If you’ve been quilting a while, you probably have a good-sized number of acrylic rulers on hand, the ones you use every day for cutting fabric and trimming blocks plus the specialty rulers you use on occasion. And let’s not forget the ones you bought (but maybe haven’t used yet) because they promised a faster, easier, more accurate way of cutting fabric or making a block.
With a few exceptions, these rulers tend to slip and slide on fabrics. How many of you have experienced a shift in position just as you were running your rotary cutter along a ruler’s edge? My hand is in the air.
Enter a product that may already be in your first aid kit or medicine cabinet. It’s a flexible clear 1″-wide surgical tape called Nexcare made by 3M. My friend and fellow quilter Kathy Anderson told me about it and now I’m passing the word on to all my friends who quilt.
Here’s what the package looks like. If you look carefully, you can see I have applied it to my go-to 4″ x 14″ Omnigrid ruler.
For years I used a product called Invisigrip on the back of my rulers. Made by Omnigrid, it’s a roll of clear film that comes attached to a paper backing. You cut it into strips, peel the paper backing away, and apply the film to the back of rulers. Invisigrip works very well at keeping rulers from sliding on fabric but it does have a couple of disadvantages.
First, the film can loosen from the back of the ruler over time and need replacing. Second, after a package has been open a while, it becomes stale. That is, it becomes impossible to separate the film from the paper backing, rendering the rest of the roll unusable. I tried sealing the roll in a Ziploc bag between applications but it still got stale.
I found myself buying a new package almost every time I got a new ruler. Over the years I have spent a fair amount of money on this product. NexCare tape is much less expensive — I think I paid around $4.50 for this double-roll package containing 20 yards — and it is very easy to apply.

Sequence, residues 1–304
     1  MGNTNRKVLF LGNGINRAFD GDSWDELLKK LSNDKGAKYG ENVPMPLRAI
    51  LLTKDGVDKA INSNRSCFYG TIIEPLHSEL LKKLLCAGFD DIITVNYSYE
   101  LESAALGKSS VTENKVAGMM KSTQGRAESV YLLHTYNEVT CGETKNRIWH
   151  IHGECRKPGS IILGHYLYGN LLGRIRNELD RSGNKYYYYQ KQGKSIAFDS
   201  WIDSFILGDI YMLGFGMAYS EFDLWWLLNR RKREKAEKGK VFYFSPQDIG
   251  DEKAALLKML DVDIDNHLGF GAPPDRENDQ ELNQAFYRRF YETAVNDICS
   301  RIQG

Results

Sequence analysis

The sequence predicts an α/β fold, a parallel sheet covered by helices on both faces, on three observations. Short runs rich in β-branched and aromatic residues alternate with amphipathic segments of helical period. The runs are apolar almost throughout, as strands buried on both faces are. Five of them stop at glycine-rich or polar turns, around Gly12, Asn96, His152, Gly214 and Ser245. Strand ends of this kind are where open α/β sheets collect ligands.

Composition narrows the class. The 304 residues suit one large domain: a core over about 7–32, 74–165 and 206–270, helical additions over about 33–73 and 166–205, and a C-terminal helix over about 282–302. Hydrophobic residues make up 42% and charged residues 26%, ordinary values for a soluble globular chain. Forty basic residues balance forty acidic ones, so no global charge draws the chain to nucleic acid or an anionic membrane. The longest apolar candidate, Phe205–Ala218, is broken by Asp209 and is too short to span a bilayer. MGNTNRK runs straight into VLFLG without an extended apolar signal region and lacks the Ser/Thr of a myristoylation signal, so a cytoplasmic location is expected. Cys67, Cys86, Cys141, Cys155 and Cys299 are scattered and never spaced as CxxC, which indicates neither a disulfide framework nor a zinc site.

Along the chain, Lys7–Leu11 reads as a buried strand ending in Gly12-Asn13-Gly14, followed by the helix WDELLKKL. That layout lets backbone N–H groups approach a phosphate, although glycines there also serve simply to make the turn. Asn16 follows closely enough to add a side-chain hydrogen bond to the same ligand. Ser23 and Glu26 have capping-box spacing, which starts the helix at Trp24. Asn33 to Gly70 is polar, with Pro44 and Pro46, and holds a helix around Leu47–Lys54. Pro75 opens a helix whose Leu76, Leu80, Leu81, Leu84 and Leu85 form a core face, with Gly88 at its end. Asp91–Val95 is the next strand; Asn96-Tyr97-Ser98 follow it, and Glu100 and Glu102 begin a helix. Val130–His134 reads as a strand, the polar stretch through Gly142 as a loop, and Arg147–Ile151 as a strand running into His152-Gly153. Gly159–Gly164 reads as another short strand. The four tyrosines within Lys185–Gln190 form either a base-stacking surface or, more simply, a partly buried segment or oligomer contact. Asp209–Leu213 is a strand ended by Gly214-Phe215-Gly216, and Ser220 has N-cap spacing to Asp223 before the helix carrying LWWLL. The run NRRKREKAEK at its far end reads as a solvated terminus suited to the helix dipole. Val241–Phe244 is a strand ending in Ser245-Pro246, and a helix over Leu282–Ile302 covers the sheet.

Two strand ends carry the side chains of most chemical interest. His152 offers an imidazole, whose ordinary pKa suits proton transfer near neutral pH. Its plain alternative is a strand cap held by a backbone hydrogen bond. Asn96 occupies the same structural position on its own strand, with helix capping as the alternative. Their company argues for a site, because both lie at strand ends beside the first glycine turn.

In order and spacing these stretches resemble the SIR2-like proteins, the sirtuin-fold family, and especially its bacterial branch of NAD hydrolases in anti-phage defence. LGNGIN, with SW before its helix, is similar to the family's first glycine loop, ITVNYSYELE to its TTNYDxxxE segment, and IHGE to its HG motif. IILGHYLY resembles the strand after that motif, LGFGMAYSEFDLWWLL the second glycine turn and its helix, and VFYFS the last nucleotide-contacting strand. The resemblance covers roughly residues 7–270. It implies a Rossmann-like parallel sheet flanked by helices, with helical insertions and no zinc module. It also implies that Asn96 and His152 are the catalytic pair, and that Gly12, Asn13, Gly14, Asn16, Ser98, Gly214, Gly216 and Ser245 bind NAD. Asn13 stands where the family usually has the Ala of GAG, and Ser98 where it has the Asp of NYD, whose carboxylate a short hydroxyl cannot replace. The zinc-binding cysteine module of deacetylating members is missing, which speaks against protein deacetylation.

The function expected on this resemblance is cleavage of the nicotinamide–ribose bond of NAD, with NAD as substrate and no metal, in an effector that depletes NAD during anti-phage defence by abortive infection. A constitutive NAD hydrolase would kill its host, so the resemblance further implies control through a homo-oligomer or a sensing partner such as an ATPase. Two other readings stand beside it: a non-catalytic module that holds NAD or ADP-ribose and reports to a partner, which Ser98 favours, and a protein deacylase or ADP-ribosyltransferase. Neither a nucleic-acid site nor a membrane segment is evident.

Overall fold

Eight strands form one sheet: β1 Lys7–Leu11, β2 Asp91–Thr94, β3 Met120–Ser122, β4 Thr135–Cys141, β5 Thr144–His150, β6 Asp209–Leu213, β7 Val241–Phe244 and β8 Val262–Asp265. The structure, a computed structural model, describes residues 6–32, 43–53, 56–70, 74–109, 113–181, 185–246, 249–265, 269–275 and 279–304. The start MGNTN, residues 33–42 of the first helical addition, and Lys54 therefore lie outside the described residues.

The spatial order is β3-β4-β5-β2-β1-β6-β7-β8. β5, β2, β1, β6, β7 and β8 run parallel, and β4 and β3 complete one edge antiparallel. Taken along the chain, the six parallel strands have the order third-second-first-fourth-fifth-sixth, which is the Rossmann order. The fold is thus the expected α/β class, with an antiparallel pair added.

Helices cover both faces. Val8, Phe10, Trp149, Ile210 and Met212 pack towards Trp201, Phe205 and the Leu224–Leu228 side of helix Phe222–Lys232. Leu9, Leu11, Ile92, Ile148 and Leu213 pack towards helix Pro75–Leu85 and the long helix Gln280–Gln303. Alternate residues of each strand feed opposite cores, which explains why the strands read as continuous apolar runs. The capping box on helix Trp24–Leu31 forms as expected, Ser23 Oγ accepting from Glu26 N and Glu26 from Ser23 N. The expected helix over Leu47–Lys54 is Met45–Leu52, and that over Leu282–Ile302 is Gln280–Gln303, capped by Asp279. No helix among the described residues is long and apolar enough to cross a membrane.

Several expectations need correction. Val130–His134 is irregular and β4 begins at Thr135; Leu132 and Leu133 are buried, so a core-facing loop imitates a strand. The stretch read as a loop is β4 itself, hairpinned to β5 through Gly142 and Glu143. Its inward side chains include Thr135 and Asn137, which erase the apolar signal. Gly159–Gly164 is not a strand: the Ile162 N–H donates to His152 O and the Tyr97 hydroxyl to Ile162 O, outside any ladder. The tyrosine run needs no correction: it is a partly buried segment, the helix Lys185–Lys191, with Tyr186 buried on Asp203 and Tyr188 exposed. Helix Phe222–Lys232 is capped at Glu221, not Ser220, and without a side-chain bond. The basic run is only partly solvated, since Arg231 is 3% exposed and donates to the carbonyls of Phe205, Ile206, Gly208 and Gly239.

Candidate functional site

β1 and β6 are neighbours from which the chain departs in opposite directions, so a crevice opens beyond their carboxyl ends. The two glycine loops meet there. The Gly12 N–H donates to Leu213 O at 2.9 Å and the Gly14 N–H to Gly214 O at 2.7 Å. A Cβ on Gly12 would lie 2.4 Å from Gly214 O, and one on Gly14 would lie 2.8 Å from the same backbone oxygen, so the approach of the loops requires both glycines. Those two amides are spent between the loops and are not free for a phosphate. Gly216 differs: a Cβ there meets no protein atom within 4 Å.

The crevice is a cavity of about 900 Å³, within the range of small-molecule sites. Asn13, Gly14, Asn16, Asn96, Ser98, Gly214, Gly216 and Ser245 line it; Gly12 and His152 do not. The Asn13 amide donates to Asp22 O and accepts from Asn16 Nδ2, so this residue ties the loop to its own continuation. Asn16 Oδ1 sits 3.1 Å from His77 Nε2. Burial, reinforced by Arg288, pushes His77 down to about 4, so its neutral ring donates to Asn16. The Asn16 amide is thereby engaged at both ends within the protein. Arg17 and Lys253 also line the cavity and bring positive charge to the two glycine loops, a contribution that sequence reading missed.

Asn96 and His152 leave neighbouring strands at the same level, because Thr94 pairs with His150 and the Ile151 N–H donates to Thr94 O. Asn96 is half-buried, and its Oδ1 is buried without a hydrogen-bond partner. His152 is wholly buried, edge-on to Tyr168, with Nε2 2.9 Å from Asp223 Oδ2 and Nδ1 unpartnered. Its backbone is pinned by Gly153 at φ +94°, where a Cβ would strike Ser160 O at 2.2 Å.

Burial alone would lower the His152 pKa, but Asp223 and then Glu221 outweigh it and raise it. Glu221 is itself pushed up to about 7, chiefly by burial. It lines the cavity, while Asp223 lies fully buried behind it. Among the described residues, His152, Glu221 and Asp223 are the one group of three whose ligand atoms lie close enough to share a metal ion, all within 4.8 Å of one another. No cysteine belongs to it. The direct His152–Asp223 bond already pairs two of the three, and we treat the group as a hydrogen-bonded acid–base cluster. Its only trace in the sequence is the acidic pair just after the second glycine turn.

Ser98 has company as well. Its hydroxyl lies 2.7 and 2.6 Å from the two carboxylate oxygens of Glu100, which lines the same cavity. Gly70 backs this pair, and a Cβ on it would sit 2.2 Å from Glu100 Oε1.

All you have to do is unroll the length of tape you need, cut it with scissors, and apply it to the back of the ruler. But, being a bit of a neatnik when it comes to my sewing tools, I like to use my rotary cutter to cut straight lines so the tape lines up with the lines on my rulers. In the photos below I’m putting it on the back of a specialty ruler that I use a lot, the Quick Curve Ruler.
I place the ruler wrong side up on my cutting mat. (I put the ruler on a piece of fabric here just so you can see the markings better.) Below the ruler I unroll a length of tape the same length as the ruler, following the marking lines on the cutting mat, and press the tape onto the mat:
Next I trim the ends of the tape with my rotary cutter, allowing a ¼” margin between the end of the tape and the edges of the ruler. I use a stiletto (a bamboo skewer, actually) to lift up the edges of the tape where it was trimmed . . .
. . . and then peel the strip of tape off the mat.
Using the markings on the ruler itself as a guide, I lay the strip of tape on the ruler, positioning it a quarter of an inch from the edges, and press it in place with my fingertips. Here you can see that I added strips to the top of the ruler, leaving the area around the hanging hole clear, and added an extra stabilizing strip under the curve cut-out.
You can put strips around all four sides of the ruler if you wish. You can put them anywhere, for that matter. Because the cutting channel on the Quick Curve Ruler comes within a half-inch of the sides, I opted not to put strips there, adding the stabilizing strip in the center instead.
When I’m ready to use the ruler, I can see clearly through the tape:
Pretty nifty, don’t you think?
Updated added June 21, 2019: Since posting this tutorial I have learned that Nexcare tape tears evenly because it has a slight grid embedded in it. If you want to avoid the steps of placing the tape on a mat and cutting it with a rotary cutter and if you’re not particular about the exact length of the piece that you are applying, simply tear off the amount you think you need and put it on the back of the ruler. Easy peasy.